One of the most impressive experiences for Patel was a keynote by Dror Benshetrit, a visionary known for disrupting conventional ideas in art, architecture and design.
“During part of his keynote, he spoke about a new venue he is working on designed to deploy a lunar experience on Earth to give people the perspective of walking on the moon for the first time,” she said. “It was so outside the box. He was very interesting.”
Bumping into another visionary C2 Montreal speaker, Steve Wozniak, was a highlight for Toronto-based Rado, but the most memorable connection he made at the conference was with a teenager.
“I volunteered to lead a Braindate on being the best ambassador when dealing with multiple stakeholders, and within five minutes, all six spots were filled,” he said. “I had five CEOs and a 15-year-old student from Toronto who owns a business that makes biodegradable toothbrushes that are sold in Whole Foods and Costco. She’s now doing another startup. She thought we were rock stars and we thought the same of her.”
Rado, who was honored to have been “the only Canadian chosen by the Greater Palm Springs CVB,” said beyond the Braindate concept, other key takeaways were the sheer organization and pre-planning involved with experiencing C2, the experimental labs and the main tent experience.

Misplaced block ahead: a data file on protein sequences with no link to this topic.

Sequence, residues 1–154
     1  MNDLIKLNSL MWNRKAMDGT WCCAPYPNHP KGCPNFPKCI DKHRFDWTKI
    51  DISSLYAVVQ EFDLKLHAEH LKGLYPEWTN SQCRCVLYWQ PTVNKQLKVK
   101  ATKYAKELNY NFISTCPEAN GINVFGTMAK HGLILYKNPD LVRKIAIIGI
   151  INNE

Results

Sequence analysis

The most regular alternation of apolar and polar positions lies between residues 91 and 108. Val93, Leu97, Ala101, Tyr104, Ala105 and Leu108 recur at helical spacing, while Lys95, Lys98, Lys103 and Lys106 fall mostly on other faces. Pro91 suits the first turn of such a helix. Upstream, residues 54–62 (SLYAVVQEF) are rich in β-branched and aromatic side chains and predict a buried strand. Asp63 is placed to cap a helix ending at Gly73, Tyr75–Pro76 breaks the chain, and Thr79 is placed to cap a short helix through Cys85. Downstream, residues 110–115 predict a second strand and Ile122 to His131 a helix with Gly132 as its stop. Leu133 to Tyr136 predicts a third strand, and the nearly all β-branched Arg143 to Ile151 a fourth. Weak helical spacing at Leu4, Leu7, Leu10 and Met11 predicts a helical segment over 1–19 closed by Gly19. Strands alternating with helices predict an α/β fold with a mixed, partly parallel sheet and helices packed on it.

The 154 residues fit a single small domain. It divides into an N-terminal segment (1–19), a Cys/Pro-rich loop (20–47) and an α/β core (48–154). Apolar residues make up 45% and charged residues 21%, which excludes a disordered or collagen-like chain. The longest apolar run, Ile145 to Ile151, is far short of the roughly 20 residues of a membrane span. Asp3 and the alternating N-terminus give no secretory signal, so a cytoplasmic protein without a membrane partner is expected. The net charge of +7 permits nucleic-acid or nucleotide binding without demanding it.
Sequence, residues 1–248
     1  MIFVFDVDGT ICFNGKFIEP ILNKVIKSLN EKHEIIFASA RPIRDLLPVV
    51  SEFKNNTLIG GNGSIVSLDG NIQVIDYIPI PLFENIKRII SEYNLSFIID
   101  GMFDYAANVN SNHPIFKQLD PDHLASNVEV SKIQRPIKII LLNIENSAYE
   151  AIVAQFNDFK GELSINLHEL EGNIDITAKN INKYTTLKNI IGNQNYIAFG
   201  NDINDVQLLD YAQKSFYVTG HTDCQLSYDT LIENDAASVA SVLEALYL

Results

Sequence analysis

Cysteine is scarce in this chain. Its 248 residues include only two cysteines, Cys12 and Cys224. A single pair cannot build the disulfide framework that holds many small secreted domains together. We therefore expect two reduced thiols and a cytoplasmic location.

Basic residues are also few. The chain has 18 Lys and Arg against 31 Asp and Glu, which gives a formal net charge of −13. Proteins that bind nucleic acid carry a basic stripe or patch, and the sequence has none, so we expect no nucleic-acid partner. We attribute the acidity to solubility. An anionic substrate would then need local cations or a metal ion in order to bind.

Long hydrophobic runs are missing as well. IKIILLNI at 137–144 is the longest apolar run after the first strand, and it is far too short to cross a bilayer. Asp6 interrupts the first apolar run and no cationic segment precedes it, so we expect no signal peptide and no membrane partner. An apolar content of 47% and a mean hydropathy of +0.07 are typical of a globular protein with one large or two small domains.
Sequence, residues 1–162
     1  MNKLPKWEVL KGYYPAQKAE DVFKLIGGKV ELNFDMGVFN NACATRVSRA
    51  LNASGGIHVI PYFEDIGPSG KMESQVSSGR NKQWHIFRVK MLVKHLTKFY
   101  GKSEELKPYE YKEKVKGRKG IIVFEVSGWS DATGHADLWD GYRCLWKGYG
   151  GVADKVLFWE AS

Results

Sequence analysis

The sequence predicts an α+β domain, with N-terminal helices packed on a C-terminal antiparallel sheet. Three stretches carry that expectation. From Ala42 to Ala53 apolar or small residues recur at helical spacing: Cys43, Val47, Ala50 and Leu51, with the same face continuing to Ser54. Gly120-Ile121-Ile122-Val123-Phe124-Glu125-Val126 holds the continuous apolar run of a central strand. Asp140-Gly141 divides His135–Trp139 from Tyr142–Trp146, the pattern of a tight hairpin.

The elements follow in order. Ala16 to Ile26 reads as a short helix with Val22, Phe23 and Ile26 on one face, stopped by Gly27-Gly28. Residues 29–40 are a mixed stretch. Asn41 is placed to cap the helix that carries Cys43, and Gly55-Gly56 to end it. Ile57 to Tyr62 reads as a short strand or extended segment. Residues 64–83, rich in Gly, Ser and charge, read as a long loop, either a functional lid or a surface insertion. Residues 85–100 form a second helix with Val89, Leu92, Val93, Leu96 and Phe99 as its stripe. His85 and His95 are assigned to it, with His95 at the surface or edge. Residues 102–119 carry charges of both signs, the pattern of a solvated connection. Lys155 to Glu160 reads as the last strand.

“They didn’t skip a beat in terms of the execution of the whole conference—from the connectivity to the fact that we all had a personal concierge,” he said. “And in the main tent, the seating was tiered, which had to be made with scaffolding, and you sat on bean bags. Lying down with a perfect stranger on a bean bag as you’re looking up at a massive screen and chatting with them was quite an experience.”
C2 will bring its unique brand of experience design to Australia Nov. 30 to Dec. 1 for its first global edition: C2 Melbourne. The next C2 Montreal is scheduled for May 23-25, 2018.